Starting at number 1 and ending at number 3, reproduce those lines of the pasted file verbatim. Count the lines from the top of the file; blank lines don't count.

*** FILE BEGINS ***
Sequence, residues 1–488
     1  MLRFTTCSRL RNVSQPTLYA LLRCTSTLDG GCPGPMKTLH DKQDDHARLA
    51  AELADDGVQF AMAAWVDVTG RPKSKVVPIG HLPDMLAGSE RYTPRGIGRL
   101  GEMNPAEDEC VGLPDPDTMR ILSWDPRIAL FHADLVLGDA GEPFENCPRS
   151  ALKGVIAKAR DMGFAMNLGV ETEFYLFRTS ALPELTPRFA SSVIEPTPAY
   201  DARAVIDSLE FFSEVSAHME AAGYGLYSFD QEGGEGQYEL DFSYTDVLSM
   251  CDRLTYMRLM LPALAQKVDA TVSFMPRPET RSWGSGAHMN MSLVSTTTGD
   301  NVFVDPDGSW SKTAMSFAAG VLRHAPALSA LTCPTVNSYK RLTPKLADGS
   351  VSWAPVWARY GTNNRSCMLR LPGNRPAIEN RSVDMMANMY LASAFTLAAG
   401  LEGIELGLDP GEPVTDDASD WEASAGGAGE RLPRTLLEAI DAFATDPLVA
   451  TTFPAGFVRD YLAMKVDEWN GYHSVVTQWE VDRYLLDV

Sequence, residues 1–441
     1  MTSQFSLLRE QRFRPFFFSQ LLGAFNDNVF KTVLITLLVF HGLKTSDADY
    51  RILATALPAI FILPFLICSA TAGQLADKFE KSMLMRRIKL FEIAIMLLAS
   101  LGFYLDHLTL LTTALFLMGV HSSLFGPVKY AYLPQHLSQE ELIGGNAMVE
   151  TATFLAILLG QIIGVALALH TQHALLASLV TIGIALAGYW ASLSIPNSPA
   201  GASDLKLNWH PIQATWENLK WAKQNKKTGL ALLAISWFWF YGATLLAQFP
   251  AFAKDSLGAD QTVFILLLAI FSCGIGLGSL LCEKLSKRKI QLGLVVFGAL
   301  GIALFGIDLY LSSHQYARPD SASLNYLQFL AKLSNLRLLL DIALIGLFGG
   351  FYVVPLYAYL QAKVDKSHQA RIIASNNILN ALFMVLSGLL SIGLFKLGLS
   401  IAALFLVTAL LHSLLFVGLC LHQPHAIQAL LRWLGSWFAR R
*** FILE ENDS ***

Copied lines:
Sequence, residues 1–488
     1  MLRFTTCSRL RNVSQPTLYA LLRCTSTLDG GCPGPMKTLH DKQDDHARLA
    51  AELADDGVQF AMAAWVDVTG RPKSKVVPIG HLPDMLAGSE RYTPRGIGRL